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Thursday, May 26, 2016 Serving Maine and Lincoln County for over a century. Volume 141 Issue 21

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7/16/2014 2:00:00 PM
Whitefield Family Adopts Forgotten Cemetery

By Kathy Onorato

A Whitefield family who dedicates each and every Memorial Day to making sure veterans' graves have American flags, has begun the work of resurrecting an ancient cemetery, where at least one known veteran is buried.

Now that the land has been cleared, the Newcombe family of Whitefield are finding cemetery artifacts. This piece of marble is likely part of a head stone. (Kathy Onorato photo)
Now that the land has been cleared, the Newcombe family of Whitefield are finding cemetery artifacts. This piece of marble is likely part of a head stone. (Kathy Onorato photo)
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Katherine and Phil Newcombe, of Whitefield, have dedicated themselves to unfolding the history of the families buried in the Edgecomb Cemetery. (Kathy Onorato photo)
Katherine and Phil Newcombe, of Whitefield, have dedicated themselves to unfolding the history of the families buried in the Edgecomb Cemetery. (Kathy Onorato photo)
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The Edgecomb Cemetery, once visible on Route 17 in Coopers Mills, was included in the 15 acres of land Phil Newcombe purchased in the early '90s. It was not until recent years that Newcombe noticed a tiny cross on a survey of the land which indicated the location of a cemetery, and he made a commitment to make the cemetery noticeable again.

"Once we knew it was here, it was our obligation," said Newcombe.

Over the past few years Newcombe and his family have cut down trees and cleared several juniper bushes to clear the site of the original cemetery.

At one time the 56 x 30 foot cemetery plot had a wooden rail and metal rod fence around it, part of which was standing in 1946, according to Whitefield Historical Society data.

The Newcombes have been carefully clearing the site and have begun to discover parts of the metal rod fence as well as remains of marble head stones.

"We are in the infancy stages of the project," Newcombe said.

According to the Newcombes, the last known official mention of the cemetery is a Whitefield Historical Society inventory of the town's cemeteries from 1977. It describes the condition of the site as "deplorable" and estimates 18 people may be buried there, although only one stone was visible and standing in 1977.

"This cemetery has no fence and is just a knoll by the side of the highway," the document states.

Katherine, Newcombe's 18-year-old daughter, said it is really sad people do not know the people are buried there and she is now dedicated to doing something about it.

"These people are gone, but shouldn't be forgotten," she said.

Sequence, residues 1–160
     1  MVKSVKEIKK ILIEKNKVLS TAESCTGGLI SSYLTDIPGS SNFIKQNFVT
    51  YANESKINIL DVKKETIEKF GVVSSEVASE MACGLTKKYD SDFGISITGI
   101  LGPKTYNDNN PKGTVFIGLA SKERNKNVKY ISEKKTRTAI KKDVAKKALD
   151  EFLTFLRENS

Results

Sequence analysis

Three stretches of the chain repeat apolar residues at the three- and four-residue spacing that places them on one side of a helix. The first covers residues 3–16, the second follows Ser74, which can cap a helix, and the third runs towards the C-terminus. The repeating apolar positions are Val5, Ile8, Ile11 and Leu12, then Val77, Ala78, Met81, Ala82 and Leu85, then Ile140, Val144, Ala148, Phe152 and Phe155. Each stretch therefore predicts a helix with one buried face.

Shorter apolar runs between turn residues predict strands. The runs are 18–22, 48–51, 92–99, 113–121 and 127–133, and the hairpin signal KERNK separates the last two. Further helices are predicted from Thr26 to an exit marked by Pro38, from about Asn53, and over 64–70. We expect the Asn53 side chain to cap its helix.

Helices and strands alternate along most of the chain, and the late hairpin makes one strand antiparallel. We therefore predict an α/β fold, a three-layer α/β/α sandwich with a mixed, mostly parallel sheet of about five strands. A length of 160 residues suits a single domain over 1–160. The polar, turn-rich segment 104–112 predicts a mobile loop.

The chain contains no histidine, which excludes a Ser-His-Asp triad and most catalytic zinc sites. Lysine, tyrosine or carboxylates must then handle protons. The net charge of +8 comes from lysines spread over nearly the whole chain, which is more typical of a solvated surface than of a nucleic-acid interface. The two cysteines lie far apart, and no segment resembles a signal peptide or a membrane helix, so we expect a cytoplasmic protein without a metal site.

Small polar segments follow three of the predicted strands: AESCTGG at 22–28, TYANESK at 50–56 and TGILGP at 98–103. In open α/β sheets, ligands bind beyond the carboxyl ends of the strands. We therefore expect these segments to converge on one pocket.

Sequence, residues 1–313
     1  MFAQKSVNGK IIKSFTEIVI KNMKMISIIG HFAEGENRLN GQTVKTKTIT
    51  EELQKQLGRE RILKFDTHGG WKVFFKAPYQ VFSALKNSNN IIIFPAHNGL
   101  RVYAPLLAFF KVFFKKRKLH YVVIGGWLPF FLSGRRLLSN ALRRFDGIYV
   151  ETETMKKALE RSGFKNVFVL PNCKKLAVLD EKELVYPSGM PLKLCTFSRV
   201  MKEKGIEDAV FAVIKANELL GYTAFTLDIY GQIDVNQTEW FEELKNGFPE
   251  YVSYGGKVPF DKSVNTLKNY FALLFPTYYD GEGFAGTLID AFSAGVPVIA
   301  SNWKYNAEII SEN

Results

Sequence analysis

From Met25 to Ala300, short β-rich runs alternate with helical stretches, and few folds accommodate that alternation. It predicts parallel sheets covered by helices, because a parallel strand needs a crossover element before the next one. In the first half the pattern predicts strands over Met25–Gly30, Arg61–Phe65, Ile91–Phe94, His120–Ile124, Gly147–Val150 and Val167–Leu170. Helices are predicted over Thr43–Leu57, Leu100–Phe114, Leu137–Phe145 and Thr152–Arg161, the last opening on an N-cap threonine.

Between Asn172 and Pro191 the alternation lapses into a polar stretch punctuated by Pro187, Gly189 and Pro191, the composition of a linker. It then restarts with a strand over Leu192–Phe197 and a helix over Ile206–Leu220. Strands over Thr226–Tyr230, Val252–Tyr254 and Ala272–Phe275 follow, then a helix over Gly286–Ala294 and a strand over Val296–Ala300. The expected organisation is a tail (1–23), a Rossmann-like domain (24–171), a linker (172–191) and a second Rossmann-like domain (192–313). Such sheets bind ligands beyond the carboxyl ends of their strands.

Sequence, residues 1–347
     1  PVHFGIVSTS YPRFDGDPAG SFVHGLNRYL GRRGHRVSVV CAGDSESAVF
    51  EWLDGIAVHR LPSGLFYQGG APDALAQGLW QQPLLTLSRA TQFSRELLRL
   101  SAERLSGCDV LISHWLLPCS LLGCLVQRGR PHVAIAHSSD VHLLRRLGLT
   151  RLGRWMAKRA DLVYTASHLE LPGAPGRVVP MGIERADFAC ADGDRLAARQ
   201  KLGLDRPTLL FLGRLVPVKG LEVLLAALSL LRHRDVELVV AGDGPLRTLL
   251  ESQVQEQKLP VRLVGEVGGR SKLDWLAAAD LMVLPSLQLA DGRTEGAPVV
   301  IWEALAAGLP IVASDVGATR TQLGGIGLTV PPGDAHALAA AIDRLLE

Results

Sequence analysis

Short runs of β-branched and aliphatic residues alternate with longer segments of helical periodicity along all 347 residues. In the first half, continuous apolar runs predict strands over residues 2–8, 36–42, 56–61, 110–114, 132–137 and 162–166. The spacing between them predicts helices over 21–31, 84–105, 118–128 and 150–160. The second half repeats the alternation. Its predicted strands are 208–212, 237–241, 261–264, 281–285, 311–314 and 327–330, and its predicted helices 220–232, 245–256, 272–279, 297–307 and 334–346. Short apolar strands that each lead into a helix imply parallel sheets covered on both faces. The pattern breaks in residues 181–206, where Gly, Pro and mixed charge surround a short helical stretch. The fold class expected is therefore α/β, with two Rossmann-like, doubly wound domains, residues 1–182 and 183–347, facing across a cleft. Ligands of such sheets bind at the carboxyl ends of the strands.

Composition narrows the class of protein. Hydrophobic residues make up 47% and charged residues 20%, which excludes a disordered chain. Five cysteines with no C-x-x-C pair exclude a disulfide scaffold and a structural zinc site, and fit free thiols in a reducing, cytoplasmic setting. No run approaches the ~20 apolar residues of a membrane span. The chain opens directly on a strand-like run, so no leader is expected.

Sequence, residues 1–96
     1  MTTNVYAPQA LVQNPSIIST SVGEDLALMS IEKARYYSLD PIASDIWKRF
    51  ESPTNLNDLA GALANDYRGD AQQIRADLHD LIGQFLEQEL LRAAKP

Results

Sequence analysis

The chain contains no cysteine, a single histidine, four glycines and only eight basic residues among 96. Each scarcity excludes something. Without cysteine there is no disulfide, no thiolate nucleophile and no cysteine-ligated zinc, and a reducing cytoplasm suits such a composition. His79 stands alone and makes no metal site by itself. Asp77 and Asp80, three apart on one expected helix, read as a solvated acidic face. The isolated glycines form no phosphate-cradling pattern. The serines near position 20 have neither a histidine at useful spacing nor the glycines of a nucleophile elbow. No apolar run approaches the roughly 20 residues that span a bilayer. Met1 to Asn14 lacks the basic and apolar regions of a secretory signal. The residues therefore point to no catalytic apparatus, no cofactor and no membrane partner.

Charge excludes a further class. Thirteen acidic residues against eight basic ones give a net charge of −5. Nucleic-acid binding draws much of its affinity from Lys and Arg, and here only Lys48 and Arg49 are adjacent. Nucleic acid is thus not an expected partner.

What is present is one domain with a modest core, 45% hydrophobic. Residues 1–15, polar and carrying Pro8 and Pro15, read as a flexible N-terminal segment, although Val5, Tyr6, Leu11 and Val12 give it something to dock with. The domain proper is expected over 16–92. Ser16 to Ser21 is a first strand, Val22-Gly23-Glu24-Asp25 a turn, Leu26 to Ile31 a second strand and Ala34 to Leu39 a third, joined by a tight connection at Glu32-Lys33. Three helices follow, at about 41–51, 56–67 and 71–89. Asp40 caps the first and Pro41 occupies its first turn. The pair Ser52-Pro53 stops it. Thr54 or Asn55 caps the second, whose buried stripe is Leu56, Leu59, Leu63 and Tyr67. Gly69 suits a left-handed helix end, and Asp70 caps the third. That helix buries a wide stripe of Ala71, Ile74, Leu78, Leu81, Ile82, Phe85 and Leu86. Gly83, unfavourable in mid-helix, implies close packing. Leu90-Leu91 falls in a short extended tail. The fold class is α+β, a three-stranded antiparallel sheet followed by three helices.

Already American flags and red, white, and blue flowers have been placed at the site to honor veterans she believes to be buried there. At the request of the Newcombes, the Knox-Lincoln Soil and Water Conservation district moved one of its signs, which was located right in the middle of the Edgecomb Cemetery.

"Now I take care of them like it was my family," said Katherine.

According to the Whitefield Historical Society, the only visible stone remaining in 1977 belonged to Joel Ham. Cemetery records indicate Ham died in 1861, however Katherine's research indicates he died in 1864.

"I believe that the head stone might have been chipped in such a way that the four looked like a one when the cemetery was documented," she said.

According to Katherine's research, Ham was born on March 17, 1776, and he died in December 1864. He served in the Maine Militia during the War of 1812 as a private in Capt. B. Davenport's Company and in Lt. Colonel A. Reed's Regiment from June 20 to June 22, and Sept. 5 to Oct. 1, 1814. He was married to Hannah (Blake) Ham.

"I feel like I know him," Katherine said.

She believes Capt. Benjamin Edgecomb, for whom the cemetery was named, is also buried in the cemetery. Edgecomb was Ham's nephew.

According to Katherine, both the Edgecombs and the Hams moved to the Whitefield area somewhere between 1830 and 1850.

She has begun to research the ancestry of Ham and Edgecomb in hopes to discover the names of others who may be buried at the cemetery.

"It's an educated guess, but I assume their spouses and children could be buried here," Katherine said.

Katherine said she has always loved ancient cemeteries and has been fascinated by reading headstones.

"My parents actually lost me once in a cemetery," she said

Since Katherine was a little girl, she and her family have spent every Memorial Day placing flags on the graves of family veterans, always bringing extras to place on veterans' graves where flags are missing.

"We never had to drag them," said Phil Newcombe, a 20-year Army veteran who served during the Gulf War.

Next year the family plans on donating the time to place flags on the graves at the Cooper Mills Cemetery.

"I am very passionate about veterans," Katherine said.




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